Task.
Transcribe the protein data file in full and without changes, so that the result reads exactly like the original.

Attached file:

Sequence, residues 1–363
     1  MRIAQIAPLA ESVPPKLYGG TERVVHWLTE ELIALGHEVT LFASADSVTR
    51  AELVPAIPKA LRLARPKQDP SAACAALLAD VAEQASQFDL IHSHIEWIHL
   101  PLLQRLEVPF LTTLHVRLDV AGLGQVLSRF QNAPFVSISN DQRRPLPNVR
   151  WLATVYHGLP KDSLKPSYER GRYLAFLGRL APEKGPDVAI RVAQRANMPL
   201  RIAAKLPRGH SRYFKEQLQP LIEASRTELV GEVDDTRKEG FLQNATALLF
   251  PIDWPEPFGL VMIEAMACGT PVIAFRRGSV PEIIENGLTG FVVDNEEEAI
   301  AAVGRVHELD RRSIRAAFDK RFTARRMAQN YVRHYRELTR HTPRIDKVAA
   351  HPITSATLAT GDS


Sequence, residues 1–363
     1  MRIAQIAPLA ESVPPKLYGG TERVVHWLTE ELIALGHEVT LFASADSVTR
    51  AELVPAIPKA LRLARPKQDP SAACAALLAD VAEQASQFDL IHSHIEWIHL
   101  PLLQRLEVPF LTTLHVRLDV AGLGQVLSRF QNAPFVSISN DQRRPLPNVR
   151  WLATVYHGLP KDSLKPSYER GRYLAFLGRL APEKGPDVAI RVAQRANMPL
   201  RIAAKLPRGH SRYFKEQLQP LIEASRTELV GEVDDTRKEG FLQNATALLF
   251  PIDWPEPFGL VMIEAMACGT PVIAFRRGSV PEIIENGLTG FVVDNEEEAI
   301  AAVGRVHELD RRSIRAAFDK RFTARRMAQN YVRHYRELTR HTPRIDKVAA
   351  HPITSATLAT GDS